Why Mobile Friendly Is Not Mobile SEO

By Bryson Meunier, Associate Director, Content Solutions
Originally appeared on Search Engine Land

My Google Reader feed went haywire with “mobile SEO” alerts when Google posted their “Making Websites Mobile Friendly” advice on the Google Webmaster Central Blog. The odd thing is, they didn’t say anything about SEO or search quality in the post, which has to do with how Google crawls and indexes mobile websites today.

SEOs and Search Engine Land readers know that search engine optimization at a very basic level is the practice of making content more visible in search engines by ensuring that a site is properly crawled and indexed, that it contains the content users want using the queries they use to search for that content, and that the content is properly marketed to those users through link building or some other method of content distribution.

What Google posted (in the above link) related entirely to crawling and indexing, and contained nothing at all about returning the proper content for the proper queries, or making that content visible to mobile users when they’re looking for it.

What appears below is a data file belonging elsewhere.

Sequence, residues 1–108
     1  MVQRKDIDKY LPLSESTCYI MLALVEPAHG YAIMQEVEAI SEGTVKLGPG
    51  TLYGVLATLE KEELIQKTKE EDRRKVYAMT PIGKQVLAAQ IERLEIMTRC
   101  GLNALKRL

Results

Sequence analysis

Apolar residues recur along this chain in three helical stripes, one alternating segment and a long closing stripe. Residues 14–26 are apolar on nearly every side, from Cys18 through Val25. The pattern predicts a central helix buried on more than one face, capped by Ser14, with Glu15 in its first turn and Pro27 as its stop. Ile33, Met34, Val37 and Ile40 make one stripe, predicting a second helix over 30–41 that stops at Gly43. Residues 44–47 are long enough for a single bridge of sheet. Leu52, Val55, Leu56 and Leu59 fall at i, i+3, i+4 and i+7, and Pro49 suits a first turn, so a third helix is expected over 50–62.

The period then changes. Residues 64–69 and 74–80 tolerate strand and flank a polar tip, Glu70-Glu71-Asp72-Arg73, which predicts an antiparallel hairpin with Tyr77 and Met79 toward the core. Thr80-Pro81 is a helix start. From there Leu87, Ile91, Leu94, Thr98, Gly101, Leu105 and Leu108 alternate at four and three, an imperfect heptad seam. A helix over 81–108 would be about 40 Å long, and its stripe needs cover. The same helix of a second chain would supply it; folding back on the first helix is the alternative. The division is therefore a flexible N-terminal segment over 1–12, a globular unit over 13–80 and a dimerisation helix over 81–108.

The distinction should be painfully clear to anyone who has searched for a mobile site on their Android or iPhone recently. The current smartphone version of Google search returns a lot of results related to Mobile, Alabama when you do a navigational search for a mobile site and the mobile site you’re looking for either: doesn’t exist, has been excluded for fear of duplicating content, or uses handheld stylesheets to render content.

I tried to find an example of a popular site that has a lot of search volume from smartphones that fits this mold, but of the 30 sites I looked at that showed up in the Google keyword tool as having high demand for their brand plus the word “mobile” (excluding software and mobile carrier queries), all sites delivered mobile sites to smartphone user agents.

No sites in this sample of 685k monthly smartphone searches for mobile sites use handheld stylesheets to render mobile content or are apparently run by webmasters who are concerned about diluting their link equity with mobile content.

If you do want to see an example of a site that has a mobile version, but is excluded from the index with robots.txt, try searching [home depot mobile site] on a smartphone.

Figure 1 [home depot mobile site] on an iPhone 4 shows criticism, a mobile site for an arena and a desktop site for mobile homes, but no home depot mobile site in the organic listings. Home Depot used to send their mobile traffic to a Digby site that was nofollowed in robots.txt. They’ve since redirected smartphones to an iPad compatible site, but the Digby site is still in Google’s index.